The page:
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How 2019 became the year of true wireless earbuds

There was a time when every review we wrote about even a good pair of true wireless earbuds — that is, earbuds without any wires at all — came with a caveat. The warning read something like this: You can buy these for their convenience, but you’ll do way better for your money when it comes to sound, connection, and battery life with a pair of strap-on wireless buds.

The span of time between 2010 to 2020 brought some of the most amazing technological advances the world has ever seen, so in the spirit of reflection, we’ve compiled a series of stories that take a look back at the previous decade through a variety of different lenses. Explore more of our Ten Years of Tech series.
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But the time for caveats is no more. True wireless headphones have finally arrived. Here’s how 2019 became the year everything came together to make these headphones among the most compelling ways to mainline your favorite tunes and podcasts.

A quantum leap in battery life

At CES 2019 we sat down with executives from Qualcomm who had some very good news about true wireless earbuds: Battery life was about to double. Thanks to advanced chipsets with better Bluetooth efficiency, battery life for earbuds that had long been stuck at around the five-hour mark for top brands (including Apple’s market-dominating AirPods) was about to jump to a potential 9-10 hours.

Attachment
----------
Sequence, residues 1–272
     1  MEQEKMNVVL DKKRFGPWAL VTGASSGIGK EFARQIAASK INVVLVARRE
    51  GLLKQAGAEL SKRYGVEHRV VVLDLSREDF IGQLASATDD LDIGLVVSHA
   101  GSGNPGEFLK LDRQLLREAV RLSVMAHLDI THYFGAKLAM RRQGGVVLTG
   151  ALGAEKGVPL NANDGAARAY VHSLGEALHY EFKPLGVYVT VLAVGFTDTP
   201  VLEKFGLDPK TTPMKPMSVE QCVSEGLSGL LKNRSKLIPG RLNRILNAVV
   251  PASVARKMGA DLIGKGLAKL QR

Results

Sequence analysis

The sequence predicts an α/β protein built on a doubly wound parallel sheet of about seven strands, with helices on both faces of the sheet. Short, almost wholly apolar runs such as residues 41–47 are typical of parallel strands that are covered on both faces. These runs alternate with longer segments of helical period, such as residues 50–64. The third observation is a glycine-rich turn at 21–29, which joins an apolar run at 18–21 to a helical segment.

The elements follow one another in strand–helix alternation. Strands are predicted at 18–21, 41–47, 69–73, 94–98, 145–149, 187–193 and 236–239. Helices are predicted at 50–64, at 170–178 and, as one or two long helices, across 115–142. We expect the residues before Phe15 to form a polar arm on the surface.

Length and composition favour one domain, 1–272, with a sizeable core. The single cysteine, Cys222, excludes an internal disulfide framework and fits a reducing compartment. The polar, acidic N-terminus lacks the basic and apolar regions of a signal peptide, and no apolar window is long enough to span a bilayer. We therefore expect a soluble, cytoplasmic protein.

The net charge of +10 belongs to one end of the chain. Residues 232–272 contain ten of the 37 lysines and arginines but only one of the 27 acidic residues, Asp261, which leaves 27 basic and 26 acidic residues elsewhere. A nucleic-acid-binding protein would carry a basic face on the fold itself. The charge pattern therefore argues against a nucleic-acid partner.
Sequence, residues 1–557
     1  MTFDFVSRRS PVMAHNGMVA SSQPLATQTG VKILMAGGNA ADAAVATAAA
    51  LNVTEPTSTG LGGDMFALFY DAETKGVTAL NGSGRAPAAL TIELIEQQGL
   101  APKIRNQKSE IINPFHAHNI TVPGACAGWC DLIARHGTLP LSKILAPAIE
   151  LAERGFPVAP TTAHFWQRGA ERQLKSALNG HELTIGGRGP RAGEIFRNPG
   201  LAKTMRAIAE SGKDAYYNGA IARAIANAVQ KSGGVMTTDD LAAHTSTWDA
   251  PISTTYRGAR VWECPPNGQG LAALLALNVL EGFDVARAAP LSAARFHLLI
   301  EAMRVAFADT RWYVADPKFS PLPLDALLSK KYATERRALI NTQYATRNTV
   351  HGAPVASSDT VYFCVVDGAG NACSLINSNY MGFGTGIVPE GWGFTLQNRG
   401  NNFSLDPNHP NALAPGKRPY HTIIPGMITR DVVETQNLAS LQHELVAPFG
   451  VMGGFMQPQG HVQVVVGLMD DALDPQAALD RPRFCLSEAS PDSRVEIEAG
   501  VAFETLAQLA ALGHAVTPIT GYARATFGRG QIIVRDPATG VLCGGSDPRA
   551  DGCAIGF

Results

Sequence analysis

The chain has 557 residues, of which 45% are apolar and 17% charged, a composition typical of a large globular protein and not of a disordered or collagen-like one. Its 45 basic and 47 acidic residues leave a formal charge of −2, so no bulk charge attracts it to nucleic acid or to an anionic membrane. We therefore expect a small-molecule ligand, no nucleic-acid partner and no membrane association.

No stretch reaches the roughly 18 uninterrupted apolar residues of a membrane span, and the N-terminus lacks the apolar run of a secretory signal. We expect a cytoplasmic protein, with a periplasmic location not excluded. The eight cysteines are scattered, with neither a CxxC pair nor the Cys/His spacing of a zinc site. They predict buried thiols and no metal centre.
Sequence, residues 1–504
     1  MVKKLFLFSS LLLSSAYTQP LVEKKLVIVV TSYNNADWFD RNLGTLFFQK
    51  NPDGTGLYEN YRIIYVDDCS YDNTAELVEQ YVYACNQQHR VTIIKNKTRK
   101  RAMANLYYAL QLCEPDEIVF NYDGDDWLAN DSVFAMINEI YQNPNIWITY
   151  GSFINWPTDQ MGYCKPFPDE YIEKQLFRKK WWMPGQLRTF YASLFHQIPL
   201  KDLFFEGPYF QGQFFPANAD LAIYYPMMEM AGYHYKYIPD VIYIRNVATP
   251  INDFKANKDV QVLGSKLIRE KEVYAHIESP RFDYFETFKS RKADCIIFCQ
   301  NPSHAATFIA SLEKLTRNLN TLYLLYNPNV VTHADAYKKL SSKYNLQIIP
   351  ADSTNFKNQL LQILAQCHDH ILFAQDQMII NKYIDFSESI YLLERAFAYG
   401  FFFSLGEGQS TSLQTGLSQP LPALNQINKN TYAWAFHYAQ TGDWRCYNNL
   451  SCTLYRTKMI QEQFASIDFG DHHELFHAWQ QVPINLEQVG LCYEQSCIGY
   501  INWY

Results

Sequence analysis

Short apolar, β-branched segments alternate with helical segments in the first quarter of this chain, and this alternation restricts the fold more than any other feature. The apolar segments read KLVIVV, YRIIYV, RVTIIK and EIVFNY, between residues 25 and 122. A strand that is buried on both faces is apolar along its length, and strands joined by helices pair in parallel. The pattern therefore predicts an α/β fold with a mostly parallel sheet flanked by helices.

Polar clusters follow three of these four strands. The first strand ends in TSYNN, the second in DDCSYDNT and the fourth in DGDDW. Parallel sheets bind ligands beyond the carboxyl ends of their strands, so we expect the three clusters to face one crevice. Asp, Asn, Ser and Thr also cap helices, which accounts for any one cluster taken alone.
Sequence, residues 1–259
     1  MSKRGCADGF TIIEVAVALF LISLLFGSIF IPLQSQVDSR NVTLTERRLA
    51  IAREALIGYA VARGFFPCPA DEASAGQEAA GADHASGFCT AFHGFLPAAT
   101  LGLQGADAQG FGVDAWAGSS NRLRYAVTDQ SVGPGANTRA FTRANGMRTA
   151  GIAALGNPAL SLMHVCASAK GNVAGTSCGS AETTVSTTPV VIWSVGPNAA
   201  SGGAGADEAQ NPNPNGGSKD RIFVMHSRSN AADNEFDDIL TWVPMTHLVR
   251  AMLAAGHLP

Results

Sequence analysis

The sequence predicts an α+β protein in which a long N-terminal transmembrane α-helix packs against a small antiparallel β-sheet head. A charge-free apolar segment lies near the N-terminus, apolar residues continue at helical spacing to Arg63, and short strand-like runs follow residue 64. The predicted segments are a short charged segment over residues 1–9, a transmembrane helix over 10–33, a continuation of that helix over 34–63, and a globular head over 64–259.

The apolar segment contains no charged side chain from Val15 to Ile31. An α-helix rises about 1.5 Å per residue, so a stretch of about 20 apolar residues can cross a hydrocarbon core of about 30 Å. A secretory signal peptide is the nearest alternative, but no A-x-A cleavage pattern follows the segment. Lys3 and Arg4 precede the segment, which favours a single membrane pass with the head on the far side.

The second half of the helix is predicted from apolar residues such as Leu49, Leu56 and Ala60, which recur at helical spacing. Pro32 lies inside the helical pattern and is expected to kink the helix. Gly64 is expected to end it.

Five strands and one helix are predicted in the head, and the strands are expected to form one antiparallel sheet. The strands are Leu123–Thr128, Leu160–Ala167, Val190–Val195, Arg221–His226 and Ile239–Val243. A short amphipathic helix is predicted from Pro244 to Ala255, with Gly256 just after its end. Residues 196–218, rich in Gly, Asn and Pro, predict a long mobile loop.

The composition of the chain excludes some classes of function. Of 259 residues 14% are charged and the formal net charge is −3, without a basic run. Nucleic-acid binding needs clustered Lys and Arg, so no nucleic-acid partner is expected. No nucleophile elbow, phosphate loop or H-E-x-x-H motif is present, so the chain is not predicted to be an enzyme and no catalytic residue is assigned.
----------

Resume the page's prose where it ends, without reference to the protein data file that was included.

Image used with permission by copyright holder

Sure enough, we saw multiple pairs of earbuds step up with that much listening time in 2019 thanks to this new hardware, from Apple’s Powerbeats Pro to Master and Dynamic’s MW07 Plus. And of course, each pair comes with plenty more reserve battery in the accompanying charging case, too, for multiple days of listening off the grid.

It’s important to note that this doesn’t mean all earbuds have 10 hours of listening time — in fact, most don’t. What it does mean is you can spend a bit more (from around $200-300) to get that battery cushion, while earbuds that cost $100 or less now regularly meet or exceed the 5-hour standard set by Apple’s popular Pods.

What’s more, thanks to advancements in rapid charging, even buds with lower battery runtime, like Apple’s AirPods Pro, won’t trip up most users (in the short term, anyway) as they can be juiced up with hours of playback time in mere minutes.

Thanks, Apple

Apple AirPods
Riley Young / Digital Trends

We can thank Apple for the state of true wireless buds in 2019 in at least two ways, though it’s a begrudging thanks from yours truly. First, Apple’s “courageous” (read: annoying) move to cut the headphone jack in 2016 essentially demanded innovation in wireless headphone tech. It’s the whole grow-or-die mentality, only it was demanded by a single company and came at the arbitrary loss of a legacy feature that folks like me will always bemoan. Once Apple cut the jack, virtually ever company not named LG followed in the ensuing years.

Second, Apple being Apple, the company’s first AirPods broke the headphone industry due to sheer popularity. In all fairness, at the time of their release, the AirPods truly were revolutionary for their solid connection and simplicity in both setup and usability — all major shortcomings of earlier true wireless models — though their muddy sound was essentially just a carbon copy of the maligned EarPods with the added opacity of Bluetooth connection.

Regardless of the scruples Apple may or may not have overlooked in its quest for earbuds domination, the AirPods cracked a resonant whip of demand for all audio brands working in the headphone space (and plenty of others who weren’t) to meet or beat their performance. From that need to innovate came a flood of new competitors (most of them bad at first), and by 2019, a groundbreaking new genre loaded with high-caliber contenders.